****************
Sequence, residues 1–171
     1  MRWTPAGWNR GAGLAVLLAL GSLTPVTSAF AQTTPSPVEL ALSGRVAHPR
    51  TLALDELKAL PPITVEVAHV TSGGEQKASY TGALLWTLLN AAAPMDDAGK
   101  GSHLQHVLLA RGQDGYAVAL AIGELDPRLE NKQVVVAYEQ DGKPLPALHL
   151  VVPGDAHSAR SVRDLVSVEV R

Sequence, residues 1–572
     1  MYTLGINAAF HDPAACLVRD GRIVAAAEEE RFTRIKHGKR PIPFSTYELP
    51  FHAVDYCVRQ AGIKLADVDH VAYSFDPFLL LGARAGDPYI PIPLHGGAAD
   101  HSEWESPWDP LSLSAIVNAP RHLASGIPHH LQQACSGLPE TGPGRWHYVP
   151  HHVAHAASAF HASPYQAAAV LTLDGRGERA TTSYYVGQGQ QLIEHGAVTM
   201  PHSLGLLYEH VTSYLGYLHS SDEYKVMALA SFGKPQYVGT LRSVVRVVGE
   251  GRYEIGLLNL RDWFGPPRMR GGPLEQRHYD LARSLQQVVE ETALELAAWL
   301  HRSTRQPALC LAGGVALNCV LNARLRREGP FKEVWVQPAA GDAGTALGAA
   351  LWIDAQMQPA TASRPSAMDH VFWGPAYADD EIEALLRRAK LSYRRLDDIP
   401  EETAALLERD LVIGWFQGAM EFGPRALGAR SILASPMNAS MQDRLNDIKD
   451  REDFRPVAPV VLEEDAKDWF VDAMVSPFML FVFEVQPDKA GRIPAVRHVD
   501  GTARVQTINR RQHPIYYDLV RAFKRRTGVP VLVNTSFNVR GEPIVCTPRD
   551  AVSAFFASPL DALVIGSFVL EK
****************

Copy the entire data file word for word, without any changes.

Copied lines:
Sequence, residues 1–171
     1  MRWTPAGWNR GAGLAVLLAL GSLTPVTSAF AQTTPSPVEL ALSGRVAHPR
    51  TLALDELKAL PPITVEVAHV TSGGEQKASY TGALLWTLLN AAAPMDDAGK
   101  GSHLQHVLLA RGQDGYAVAL AIGELDPRLE NKQVVVAYEQ DGKPLPALHL
   151  VVPGDAHSAR SVRDLVSVEV R

Sequence, residues 1–572
     1  MYTLGINAAF HDPAACLVRD GRIVAAAEEE RFTRIKHGKR PIPFSTYELP
    51  FHAVDYCVRQ AGIKLADVDH VAYSFDPFLL LGARAGDPYI PIPLHGGAAD
   101  HSEWESPWDP LSLSAIVNAP RHLASGIPHH LQQACSGLPE TGPGRWHYVP
   151  HHVAHAASAF HASPYQAAAV LTLDGRGERA TTSYYVGQGQ QLIEHGAVTM
   201  PHSLGLLYEH VTSYLGYLHS SDEYKVMALA SFGKPQYVGT LRSVVRVVGE
   251  GRYEIGLLNL RDWFGPPRMR GGPLEQRHYD LARSLQQVVE ETALELAAWL
   301  HRSTRQPALC LAGGVALNCV LNARLRREGP FKEVWVQPAA GDAGTALGAA
   351  LWIDAQMQPA TASRPSAMDH VFWGPAYADD EIEALLRRAK LSYRRLDDIP
   401  EETAALLERD LVIGWFQGAM EFGPRALGAR SILASPMNAS MQDRLNDIKD
   451  REDFRPVAPV VLEEDAKDWF VDAMVSPFML FVFEVQPDKA GRIPAVRHVD
   501  GTARVQTINR RQHPIYYDLV RAFKRRTGVP VLVNTSFNVR GEPIVCTPRD
   551  AVSAFFASPL DALVIGSFVL EK